Using his psychic vision, he describes a way of life of human spirits in a hidden spirit realm, who choose hatred over love, and crime over justice. One is not normally conscious of their influence but if one continually allows their presence into one’s heart and mind, they are said to then prompt and urge cruelty, sexual violence, and self-ascendancy without any concern for human suffering. We don’t know if people like Mladic will join them in his after-life. But allowing himself to be constantly swayed by their impulses and thoughts, he can become crazed with evil, caught up in a crowd baying for blood. The madness feels overpowering and the individual is swept along apparently helpless to fight against the current.

Actually, Swedenborg says this seeming overwhelming power of evil is an illusion. For there is also a divine sphere of justice and humane concern which is available to us all. This good balances the evil flow. And so we have the freedom to inwardly turn in which direction we wish. But without turning towards what is good we would all be vulnerable to the inflow of cruelty and malice.

Many of us human beings sometimes choose to turn our back on the one Source of happiness and opening ourselves to evil impulses. This is when we put self above all else. That is when what we want determines all our actions together with the fear, pride and greed that accompanies self-love. Just look in at the criminal courts of justice and see what trouble can then be reeked; never mind the international court in the Hague where crimes against humanity are tried. Perhaps the Serb nationalists who still support Mladic will then realise the full extent of the evil their hero has really caused.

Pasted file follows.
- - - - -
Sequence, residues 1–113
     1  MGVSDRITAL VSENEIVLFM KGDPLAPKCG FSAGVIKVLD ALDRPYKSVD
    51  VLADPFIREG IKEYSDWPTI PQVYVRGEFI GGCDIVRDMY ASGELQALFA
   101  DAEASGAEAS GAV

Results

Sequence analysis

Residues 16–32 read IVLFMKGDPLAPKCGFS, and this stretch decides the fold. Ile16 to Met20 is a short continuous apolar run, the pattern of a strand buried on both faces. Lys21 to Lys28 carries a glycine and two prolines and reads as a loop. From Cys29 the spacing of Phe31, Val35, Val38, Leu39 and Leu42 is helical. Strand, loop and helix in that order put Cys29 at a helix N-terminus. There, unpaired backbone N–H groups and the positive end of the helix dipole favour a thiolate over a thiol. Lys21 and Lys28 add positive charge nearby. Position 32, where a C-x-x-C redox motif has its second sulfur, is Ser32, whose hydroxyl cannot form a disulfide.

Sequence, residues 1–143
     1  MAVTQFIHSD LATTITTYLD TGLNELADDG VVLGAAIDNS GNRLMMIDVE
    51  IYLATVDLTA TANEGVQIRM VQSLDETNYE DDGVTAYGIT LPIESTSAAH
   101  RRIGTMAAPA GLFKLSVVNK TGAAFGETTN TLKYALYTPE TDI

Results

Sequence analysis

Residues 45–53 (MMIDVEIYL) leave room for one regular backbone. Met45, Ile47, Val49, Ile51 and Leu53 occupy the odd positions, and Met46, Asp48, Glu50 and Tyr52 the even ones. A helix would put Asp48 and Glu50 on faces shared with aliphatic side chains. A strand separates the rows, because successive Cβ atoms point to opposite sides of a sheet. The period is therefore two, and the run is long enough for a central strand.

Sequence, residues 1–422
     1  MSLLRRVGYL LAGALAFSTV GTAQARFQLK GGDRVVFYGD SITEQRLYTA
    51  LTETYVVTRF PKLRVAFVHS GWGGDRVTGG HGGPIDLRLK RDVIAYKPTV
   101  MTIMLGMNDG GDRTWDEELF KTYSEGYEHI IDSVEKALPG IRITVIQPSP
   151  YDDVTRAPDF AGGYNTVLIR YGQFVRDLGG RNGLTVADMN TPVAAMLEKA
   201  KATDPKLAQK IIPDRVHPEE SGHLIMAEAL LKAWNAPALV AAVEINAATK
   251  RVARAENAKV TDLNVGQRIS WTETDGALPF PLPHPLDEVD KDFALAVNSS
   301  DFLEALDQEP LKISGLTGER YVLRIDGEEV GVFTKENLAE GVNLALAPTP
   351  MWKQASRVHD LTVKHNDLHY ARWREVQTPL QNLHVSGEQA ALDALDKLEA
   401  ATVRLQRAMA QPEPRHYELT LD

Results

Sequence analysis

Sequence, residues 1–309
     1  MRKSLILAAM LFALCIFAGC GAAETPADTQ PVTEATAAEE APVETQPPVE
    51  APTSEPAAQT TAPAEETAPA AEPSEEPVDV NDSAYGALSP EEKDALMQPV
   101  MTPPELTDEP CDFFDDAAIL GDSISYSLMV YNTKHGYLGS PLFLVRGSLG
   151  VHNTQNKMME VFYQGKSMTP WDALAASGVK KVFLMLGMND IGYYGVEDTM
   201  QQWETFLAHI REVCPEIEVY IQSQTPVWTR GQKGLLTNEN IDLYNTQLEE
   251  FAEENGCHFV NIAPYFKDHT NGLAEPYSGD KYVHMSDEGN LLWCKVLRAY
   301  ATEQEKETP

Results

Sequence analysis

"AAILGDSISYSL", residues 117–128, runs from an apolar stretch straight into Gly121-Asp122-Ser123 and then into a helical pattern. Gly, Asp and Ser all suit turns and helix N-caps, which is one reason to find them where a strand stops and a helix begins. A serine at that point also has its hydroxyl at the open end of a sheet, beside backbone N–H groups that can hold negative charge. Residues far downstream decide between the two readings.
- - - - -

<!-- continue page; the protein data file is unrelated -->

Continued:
Copyright 2011 Stephen Russell-Lacy
Author of  Heart, Head & Hands  Swedenborg’s perspective on emotional problems

Cruel humans — How can people be this way?

Nine-eleven was al-Qa’eda’s deliberate humiliation of the West. Such a cruel thing to do. I remember saying ‘Evil begets evil’, and so I am not surprised that this act of barbarism was followed by what I consider to be disastrous wars in Iraq and Afghanistan.

Other recent examples of being cruel

I would suggest that the brutality of some powerful people in the West can be heard in the voice of those politicians like US defence secretary Donald Rumsfeld who said “There just aren’t enough targets in Afghanistan…We need to bomb something else to prove that we’re, you know, big and strong and not going to be pushed around.”

torture at Guantanamo

Can human cruelty not also be seen in the action of President Bush who tossed aside the civilised principle of habeas corpus by setting up Guantanamo and other torture centres?

History of man’s inhumanity to man

These recent acts of human cruelty are part of a long history of man’s inhumanity to man. The massacres, looting and capturing of slaves by forces led by Attila the Hun in 5th century eastern Europe; the unrestricted bombing of civilians living in cities like Gunernica during the Spanish civil war; the starvation, brutal treatment and extermination of Jews, and other victims of persecution in the Nazi concentration camps.

Ordinary life is full of small acts of cruelty

Human cruelty of course goes on all the time perhaps in less dramatic ways and in a much smaller scale than these. Malicious gossip can destroy a personal reputation; spiteful actions can result in huge distress; nasty comments within close relationships can cause longstanding wounds.